For all of its cookie-cutter content, Forspoken will still likely sink its hooks into you by way of its core mechanics. After acquiring movement abilities like Zip and Shimmy, traversal comes into its own. Movement is finicky in tight spaces that require more fine-tuned control. Luckily, these instances are infrequent enough to provide little resistance.
Traversal across wide-open expanses – which make up the majority of the map – is genuinely satisfying. Perfectly timed shimmies to regain stamina, running up walls, and lining up a Zip to reach an otherwise inaccessible area feels freeing. Deciphering optimal routing is a core part of the Forspoken experience. Its mechanics even allow for some janky ascents up cliffsides and structures that would feel like borderline exploits in any other game.
Of course, traversal is merely the vehicle that funnels you from one combat encounter to the next. After all, the vast majority of points of interest exist to enhance your character progression in some way, be it through new gear, crafting materials, or permanent stat upgrades.
That’s what makes Forspoken’s structure a double-edged sword. Sure, all fortresses boil down to defeating a wave of enemies inside an enclosed space. It’s not especially exciting game design repeated multiple times over. Neither are any of the locked labyrinths, which are linear dungeons that funnel you through multiple enclosed combat arenas with a new cloak at the end for your efforts.
And yet, there’s a compulsiveness at play thanks to solid combat backed by an addictive magic upgrade system. While only beginning with a basic set of defensive and offensive spells pertaining to one element, Frey will have access to four flavors of magic by the end of the game. Each magic type includes its own skill tree with several unlockable offensive and defensive abilities.
One magic set might include abilities such as a homing dart, which can deal cumulative damage proportionate to how many times the spell was cast before charging it. A defensive spell for this set might include a hazy mist that confuses enemies and turns them against each other. Another spell set includes fire-infused fists that feel as empowering as playing the monk class in a Final Fantasy game, with defensive spells including the likes of a homing attack or summoning soldiers.
Each spell set feels drastically different, altering your approach to each enemy type. With many mobs are weak to certain kinds of magic, others may not have any weaknesses or resistances, forcing you to switch spell sets consistently.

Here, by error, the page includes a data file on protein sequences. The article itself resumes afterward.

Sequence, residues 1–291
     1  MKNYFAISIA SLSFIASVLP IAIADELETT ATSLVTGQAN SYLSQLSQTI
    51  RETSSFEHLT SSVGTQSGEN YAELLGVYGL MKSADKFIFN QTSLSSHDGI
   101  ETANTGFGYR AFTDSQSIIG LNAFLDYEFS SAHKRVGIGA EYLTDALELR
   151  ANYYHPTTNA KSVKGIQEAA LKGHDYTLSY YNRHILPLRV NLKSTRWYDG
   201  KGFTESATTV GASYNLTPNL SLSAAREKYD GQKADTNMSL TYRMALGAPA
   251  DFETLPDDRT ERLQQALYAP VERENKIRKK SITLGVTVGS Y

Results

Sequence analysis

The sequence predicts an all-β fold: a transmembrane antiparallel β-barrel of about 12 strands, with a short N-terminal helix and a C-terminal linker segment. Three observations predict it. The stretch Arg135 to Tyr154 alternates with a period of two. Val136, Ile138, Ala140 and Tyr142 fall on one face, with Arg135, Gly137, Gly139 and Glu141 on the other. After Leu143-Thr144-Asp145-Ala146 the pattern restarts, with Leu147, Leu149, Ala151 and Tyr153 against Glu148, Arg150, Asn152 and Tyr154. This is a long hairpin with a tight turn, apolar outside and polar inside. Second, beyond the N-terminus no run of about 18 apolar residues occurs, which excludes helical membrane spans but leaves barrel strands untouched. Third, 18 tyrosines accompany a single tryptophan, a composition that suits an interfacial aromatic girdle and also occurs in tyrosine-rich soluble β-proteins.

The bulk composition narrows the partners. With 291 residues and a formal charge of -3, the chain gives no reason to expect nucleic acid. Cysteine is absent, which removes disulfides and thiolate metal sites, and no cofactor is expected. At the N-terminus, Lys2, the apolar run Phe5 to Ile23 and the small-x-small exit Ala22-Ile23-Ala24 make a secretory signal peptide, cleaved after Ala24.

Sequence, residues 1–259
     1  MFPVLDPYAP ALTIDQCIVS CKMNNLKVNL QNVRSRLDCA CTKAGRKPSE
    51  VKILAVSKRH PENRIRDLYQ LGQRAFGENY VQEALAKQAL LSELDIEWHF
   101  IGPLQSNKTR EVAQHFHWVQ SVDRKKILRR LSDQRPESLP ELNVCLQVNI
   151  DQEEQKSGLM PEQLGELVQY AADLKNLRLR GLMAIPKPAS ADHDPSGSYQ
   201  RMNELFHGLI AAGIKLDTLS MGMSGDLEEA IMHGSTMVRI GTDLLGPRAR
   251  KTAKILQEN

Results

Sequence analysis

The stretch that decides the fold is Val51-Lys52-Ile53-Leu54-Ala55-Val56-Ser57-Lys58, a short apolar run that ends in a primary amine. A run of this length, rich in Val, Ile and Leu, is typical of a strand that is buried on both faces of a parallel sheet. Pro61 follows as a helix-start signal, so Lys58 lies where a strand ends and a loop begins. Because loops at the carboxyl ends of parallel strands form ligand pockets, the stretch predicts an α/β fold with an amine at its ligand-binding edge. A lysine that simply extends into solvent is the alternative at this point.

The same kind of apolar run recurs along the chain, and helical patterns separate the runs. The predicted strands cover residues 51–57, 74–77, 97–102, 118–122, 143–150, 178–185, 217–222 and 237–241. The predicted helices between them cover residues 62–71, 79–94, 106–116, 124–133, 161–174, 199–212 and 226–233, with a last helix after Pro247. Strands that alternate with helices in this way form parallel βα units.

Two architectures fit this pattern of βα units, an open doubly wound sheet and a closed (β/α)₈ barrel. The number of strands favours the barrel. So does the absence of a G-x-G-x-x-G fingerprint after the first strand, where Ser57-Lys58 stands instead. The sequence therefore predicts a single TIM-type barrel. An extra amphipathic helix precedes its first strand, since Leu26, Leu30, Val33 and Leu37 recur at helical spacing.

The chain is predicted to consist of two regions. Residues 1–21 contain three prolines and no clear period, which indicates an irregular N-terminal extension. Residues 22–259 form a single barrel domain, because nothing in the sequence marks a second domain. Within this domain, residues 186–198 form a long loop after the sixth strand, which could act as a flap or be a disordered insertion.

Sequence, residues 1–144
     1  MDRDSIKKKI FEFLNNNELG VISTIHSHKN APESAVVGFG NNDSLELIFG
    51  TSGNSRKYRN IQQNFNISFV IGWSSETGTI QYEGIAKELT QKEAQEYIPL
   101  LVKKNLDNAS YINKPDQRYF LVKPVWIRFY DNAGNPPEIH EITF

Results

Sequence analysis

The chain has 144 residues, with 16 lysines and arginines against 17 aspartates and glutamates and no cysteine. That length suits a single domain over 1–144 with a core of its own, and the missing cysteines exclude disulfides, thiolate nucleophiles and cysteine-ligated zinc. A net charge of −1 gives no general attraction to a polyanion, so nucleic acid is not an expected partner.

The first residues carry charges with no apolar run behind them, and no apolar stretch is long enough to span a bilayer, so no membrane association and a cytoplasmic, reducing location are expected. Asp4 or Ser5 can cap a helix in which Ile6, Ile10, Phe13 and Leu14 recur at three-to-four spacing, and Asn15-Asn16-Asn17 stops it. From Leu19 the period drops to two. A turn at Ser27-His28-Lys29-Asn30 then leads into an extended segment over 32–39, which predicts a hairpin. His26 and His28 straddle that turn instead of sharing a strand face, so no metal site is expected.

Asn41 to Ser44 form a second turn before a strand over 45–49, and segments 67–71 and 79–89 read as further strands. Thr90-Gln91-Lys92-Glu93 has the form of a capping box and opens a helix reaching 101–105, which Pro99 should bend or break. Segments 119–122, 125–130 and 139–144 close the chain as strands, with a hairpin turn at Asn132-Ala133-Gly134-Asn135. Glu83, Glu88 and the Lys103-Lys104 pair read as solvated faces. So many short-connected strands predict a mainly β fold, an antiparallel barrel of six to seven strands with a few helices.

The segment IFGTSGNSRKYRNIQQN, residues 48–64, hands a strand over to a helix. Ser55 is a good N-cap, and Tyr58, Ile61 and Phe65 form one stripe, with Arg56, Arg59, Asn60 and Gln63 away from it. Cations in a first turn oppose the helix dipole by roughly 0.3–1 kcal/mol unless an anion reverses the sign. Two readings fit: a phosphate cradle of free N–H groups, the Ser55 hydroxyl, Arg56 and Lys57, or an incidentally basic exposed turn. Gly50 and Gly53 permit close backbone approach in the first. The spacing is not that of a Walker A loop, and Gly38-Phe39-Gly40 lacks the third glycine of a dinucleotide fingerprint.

It helps that each spell, regardless of whether it’s ranged or close quarters, offers a satisfying level of feedback. Enemies react appropriately when vulnerabilities are exploited, with extravagant player animations further selling the impact of each attack. The variations in controller vibration and trigger resistance on PS5 depend on the spell, enhancing gameplay in the most subtle yet meaningful ways. Unlike so many other implementations, it feels borderline integral to the game’s feedback loop.
Forspoken also offers an addictive twist on the traditional character ability upgrade system. You can track up to three challenges at once, each tied an ability. Completing these challenges grants an appropriate boost to that ability, along with a permanent stat increase to the magic set it falls under.
For example, after poisoning a specific number of enemies with the Naedre spell, its effect duration is extended. Additionally, Frey’s blue magic increases by one point. Micro-managing these challenges keeps even simpler encounters from devolving into spam fests. It’s an ingenious way of pushing players out of their comfort zone without asking too much of them.
Forspoken Review — The Bottom Line
- Satisfying combat that constantly keeps you on the move.
- Traversal is fun.
- Somewhat addictive magic upgrade system.
- Story squanders its potential.
- The second half feels scrapped together.
- All side content is very basic.
Forspoken is an average action RPG. Its themes are hamstrung by a poorly paced narrative that almost feels like a speedrun by the midway point. Coupled with uninspired quest design and checklist points of interest across the open world, it should be a trainwreck.
Despite all of those missteps, Forspoken skirts by on the merits of its traversal, combat, and upgrade systems. It won’t win any awards come the end of the year, but it's a decent podcast game, the type of title you can play while consuming other content in the background, all without feeling like you’re missing too much.
[Note: Square Enix provided the copy of Forspoken used for this review. Featured image via Square Enix.]